If you ever don’t read the Cloud Appreciation Society newsletter when I repost them, this is the one to read. There is an amazing 10 minute video about what happens high in the atmosphere above electrical storms. It will definitely make me take a longer look at distant storms.
One of the most enjoyable emails I receive is the Cloud Appreciation Society, and here’s the latest. In this there’s a survey to ask if you think there should be a (I assume we’re talking international here) Cloud Appreciation Day. If we can have National Cupcake Eating Day, why not?
This Cloud Appreciation Society newsletter has an amazing video included in it! Storms and music. Awesome combination.
I enjoy the Cloud Appreciation Society’s newsletter on a sporadic basis (when it turns up), but I’m also a member of one of the local Cloudspotter groups. Here in the low desert, we don’t get a lot of clouds, but a couple days ago we had some cooler damper weather and I was happy to not only be able to post a beautiful sunrise to the group, but for the fact that it was actually cloudy all day.
It’s always my pleasure to pass along the Cloud Appreciation Society Newsletter. I’m looking forward to viewing some of the presentations available on their website about clouds! Hope you’ll enjoy them too.
I’ve missed posting the last couple newsletters….something to do with having been on a mental hiatus from normal art life for half a year… but here’s one I couldn’t resist. The time lapses of the storms are especially spectacular. I’ve been more inspired my clouds since we’ve had actual ‘weather’ here recently instead of the plain cerulean dome. The California low desert needs a bigger share of the rain from the storms now sweeping in (just not on weekends as there is the occasional art fair back in existence now…..).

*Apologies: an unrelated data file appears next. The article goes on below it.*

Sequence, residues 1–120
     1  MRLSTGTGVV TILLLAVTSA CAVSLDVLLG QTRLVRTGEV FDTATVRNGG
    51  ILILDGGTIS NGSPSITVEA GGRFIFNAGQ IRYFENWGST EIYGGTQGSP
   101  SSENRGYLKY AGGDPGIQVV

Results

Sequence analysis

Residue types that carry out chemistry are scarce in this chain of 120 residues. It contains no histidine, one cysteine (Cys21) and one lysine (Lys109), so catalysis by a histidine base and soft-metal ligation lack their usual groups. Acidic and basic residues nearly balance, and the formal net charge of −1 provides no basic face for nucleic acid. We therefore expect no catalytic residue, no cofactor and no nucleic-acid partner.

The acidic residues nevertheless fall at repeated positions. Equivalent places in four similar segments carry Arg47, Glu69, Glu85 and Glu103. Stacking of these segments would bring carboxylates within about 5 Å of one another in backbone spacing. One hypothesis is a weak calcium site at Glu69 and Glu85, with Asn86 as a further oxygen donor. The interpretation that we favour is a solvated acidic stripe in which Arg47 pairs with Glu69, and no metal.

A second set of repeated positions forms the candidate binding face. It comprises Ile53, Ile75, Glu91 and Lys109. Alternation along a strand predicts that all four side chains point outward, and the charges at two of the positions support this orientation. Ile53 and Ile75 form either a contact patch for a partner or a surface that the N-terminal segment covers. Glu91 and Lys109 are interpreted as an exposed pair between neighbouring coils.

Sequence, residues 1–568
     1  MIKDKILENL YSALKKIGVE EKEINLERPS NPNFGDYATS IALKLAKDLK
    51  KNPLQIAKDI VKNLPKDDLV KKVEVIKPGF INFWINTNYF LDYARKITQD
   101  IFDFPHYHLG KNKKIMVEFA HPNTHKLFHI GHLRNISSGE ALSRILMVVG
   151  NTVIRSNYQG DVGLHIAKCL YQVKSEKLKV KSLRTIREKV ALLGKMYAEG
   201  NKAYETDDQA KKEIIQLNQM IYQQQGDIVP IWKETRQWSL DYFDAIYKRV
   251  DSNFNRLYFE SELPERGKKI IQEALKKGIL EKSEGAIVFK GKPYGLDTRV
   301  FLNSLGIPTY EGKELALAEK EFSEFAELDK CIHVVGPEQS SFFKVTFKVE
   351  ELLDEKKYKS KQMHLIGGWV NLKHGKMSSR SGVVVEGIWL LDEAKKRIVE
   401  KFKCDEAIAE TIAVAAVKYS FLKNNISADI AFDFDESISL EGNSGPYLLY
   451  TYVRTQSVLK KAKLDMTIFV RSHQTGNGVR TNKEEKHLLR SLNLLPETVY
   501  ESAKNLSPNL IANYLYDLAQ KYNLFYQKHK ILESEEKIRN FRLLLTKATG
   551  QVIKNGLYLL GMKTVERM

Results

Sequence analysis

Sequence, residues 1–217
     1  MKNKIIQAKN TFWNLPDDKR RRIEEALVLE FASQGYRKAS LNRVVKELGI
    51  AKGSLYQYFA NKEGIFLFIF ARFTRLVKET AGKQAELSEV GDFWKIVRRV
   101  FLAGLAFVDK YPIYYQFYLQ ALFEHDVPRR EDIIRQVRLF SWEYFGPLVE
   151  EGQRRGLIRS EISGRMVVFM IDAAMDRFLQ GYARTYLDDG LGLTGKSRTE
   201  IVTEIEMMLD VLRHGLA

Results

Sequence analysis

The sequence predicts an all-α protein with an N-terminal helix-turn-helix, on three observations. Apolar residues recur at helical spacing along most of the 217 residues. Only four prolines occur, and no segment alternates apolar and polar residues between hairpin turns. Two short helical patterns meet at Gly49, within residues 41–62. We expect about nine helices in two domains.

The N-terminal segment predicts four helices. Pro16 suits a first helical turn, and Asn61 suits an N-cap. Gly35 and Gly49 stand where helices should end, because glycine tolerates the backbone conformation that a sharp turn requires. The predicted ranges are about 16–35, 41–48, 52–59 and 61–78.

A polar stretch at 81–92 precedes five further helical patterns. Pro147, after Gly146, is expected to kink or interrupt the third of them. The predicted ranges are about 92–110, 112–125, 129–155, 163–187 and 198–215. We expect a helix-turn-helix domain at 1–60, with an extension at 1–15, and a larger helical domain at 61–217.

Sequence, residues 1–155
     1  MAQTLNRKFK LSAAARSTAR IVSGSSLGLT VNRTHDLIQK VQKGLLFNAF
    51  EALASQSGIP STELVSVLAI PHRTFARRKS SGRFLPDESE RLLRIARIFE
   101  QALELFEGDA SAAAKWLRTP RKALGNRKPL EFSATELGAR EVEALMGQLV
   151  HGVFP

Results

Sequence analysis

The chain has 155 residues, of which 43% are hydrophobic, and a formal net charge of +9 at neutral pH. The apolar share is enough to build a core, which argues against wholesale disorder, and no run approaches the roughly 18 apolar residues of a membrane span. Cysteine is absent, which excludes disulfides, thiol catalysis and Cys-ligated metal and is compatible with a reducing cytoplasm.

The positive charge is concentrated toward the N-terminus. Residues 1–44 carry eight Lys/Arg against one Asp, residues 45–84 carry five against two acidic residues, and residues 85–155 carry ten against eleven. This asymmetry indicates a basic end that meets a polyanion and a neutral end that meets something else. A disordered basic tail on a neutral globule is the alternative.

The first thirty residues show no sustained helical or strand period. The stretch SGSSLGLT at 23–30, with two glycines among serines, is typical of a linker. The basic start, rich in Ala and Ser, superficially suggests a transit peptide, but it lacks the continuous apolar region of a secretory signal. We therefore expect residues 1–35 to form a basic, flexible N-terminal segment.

Always have fun reading the Cloud Appreciation Society newsletter but this one is extra special – the Cloud of the Month for August is amazing. Check it out!
I loved this quote from the beginning of the Cloud Appreciation Society’s Newsletter.
“You have to regard yourself as a cloud because, you see, clouds never make mistakes. Did you ever see a cloud that was misshapen? Did you ever see a badly designed wave? No, they always do the right thing… But if you will treat yourself for a while as a cloud or wave, and realize that you can’t make a mistake whatever you do. Because even if you do something that seems to be totally disastrous it’ll all come out in the wash somehow or other. Then, through this capacity you will develop a kind of confidence, and through confidence you will be able to trust your own intuition.”
From the lecture ‘Way Beyond Seeking’ by Alan Watts (1915-1973).
Always my pleasure to pass along the Cloud Appreciation Society’s occasional Newsletter.
If you are – or you decide to become – a member of the society, you can also join local groups of cloudspotters. I started the Imperial County California group, and then was encouraged to merge with the Borrego Springs group. It’s a small world of little towns and big spaces under this open sky and the coordinator of the Borrego Springs group was none other than a client of mine!
Now that we have the two groups merged, it’s actually catching us at the least-busy time of year for cloudspotting here. Plain blue is installed almost without exception through about the end of July. We might get some thunderheads to look at in August! But if you’re in our catchment area, please join us and we can start sharing some of the clouds when they return from their sojourn.
Always my pleasure to pass along the CAS Newsletter. I recently became the leader of an Imperial County Cloudspotter group. If you’re into clouds – and I am – in fact at the moment I’m writing this I’m inside a cloud because it’s raining – you should consider joining – and if you’re in Imperial County, join the cloudspotter group too. We don’t always have a lot of clouds around here, so they’re more of a treat!